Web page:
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22 Although the sente nce of banishment would seem preferable to incarceration or death, sometimes it was just as bad, as officials from the n orth sent to the south often sickened and died in the southern climate. Other undesirable regions included the western and northern fron tiers, which bordered barren steppe and desert in turns. Although in these areas the climate could be more manageable, the cultural climate, remote from the center of the Tang Empire, was considered unbearable. Those banished were intended to suffer in two ways. First they were deprived of the comforts of civilized Chinese society, and second they were often relocated so far from the capital that forgiveness, and therefore promotion and acceleration of their career was difficult or impossible. Banishment poems developed as a popular outlet for exiled officials to channel their resentment, perhaps more from the h ope that circulating their poetry would attract the notice of a sympathetic ear with the power to recall them than for the sake of self expression. Women, who did not hold government offices, were understandably rarely given occasion to take part in the banishment tradition. This did not necessarily mean exclusion from the tradition, as many successful Tang officials who were never banished wrote poe ms where they borrowed the voice of a banished official. However, i t seems from some of her poems that Xue Tao did experience banishment though l ike most episodes of was actually banished and for what rea sons are subject to spe culation T here is a theory Xue Tao was banished by Wei Gao for accepting bribes from people who hoped to curry favor with the military governor through her Other rumors say that she got caught up in the rebellions that swept the region in the early 9 th c entury and was banished as a result. A third view is that Xue known theme, or perhaps a method to regain the lost attention of a patron.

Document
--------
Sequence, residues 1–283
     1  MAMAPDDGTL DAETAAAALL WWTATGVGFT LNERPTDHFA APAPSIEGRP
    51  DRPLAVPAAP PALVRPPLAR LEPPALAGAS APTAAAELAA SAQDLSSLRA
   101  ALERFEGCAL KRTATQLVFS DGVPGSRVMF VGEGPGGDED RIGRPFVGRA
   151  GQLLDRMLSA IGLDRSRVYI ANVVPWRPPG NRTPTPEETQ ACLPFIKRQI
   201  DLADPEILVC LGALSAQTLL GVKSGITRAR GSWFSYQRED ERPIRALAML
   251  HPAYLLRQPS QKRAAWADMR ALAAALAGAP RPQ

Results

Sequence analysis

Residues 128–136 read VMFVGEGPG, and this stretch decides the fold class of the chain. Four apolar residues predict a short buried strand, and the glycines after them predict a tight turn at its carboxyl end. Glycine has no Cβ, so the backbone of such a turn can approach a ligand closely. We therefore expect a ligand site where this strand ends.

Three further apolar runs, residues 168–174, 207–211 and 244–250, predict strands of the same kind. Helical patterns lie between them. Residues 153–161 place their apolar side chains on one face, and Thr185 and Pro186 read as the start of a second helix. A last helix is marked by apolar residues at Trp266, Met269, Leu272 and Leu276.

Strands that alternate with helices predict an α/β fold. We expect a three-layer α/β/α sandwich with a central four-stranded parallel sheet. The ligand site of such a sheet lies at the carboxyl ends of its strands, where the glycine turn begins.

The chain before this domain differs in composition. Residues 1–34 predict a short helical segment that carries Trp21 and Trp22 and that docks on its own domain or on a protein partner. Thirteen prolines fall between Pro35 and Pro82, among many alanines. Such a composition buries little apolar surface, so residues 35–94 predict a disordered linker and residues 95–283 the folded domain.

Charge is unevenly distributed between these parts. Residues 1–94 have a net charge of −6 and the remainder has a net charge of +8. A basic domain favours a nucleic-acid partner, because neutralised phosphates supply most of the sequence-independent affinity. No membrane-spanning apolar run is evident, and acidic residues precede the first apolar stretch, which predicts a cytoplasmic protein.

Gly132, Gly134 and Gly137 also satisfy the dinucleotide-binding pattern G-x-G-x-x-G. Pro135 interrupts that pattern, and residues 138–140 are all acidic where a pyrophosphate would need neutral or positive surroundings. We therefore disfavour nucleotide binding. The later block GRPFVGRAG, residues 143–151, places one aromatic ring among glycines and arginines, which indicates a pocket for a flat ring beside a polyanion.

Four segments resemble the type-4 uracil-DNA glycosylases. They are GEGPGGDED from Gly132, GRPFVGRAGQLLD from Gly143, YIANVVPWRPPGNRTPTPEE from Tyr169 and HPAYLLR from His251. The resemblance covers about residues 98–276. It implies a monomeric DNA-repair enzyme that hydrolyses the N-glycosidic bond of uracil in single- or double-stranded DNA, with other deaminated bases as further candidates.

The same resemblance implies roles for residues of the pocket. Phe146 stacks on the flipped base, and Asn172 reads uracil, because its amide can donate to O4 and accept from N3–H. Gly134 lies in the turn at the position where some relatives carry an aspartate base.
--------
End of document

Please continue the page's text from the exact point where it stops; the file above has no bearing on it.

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23 Though the exact reason s fo r and confirm an examination of the environment in which such a ba nishment may have occurred may help illuminate possible interpretation s The city of Chengd u and its surrounding area appear bustling ci du was in Xichuan near the western border of the Tang Empire. Its natural beauties were much celebrated by poets of the T ang and other dynasties. Geographically, the city is located near the eastern edge of the Tibetan plateau, and climatically it is mild for most of the year. Traveling west of the city, to ward the plateau and the border, the elevation rises and conditions g row more severe. Despite its often picturesque located to the far west of The Tang Empire, in theory near Xichuan shared its western border with the Tibetan Empir e, which in the 8 th century was one of the chief powers in central Asia, and a real threat to the Tang. During the An Lushan rebellion (755 763), the Tibetan Empire took advantage of the disorder to capture and hold the capital of time. ressure beyond the border military presence was still very strongly felt in Chengdu s longtime patron, Wei Gao, as the military governor, would have played an integral role in the mili tary affairs of the region poem below written to commemorate the completion of a military outpost. For the Opening of Border Strategy Tower Level with The clouds and birds: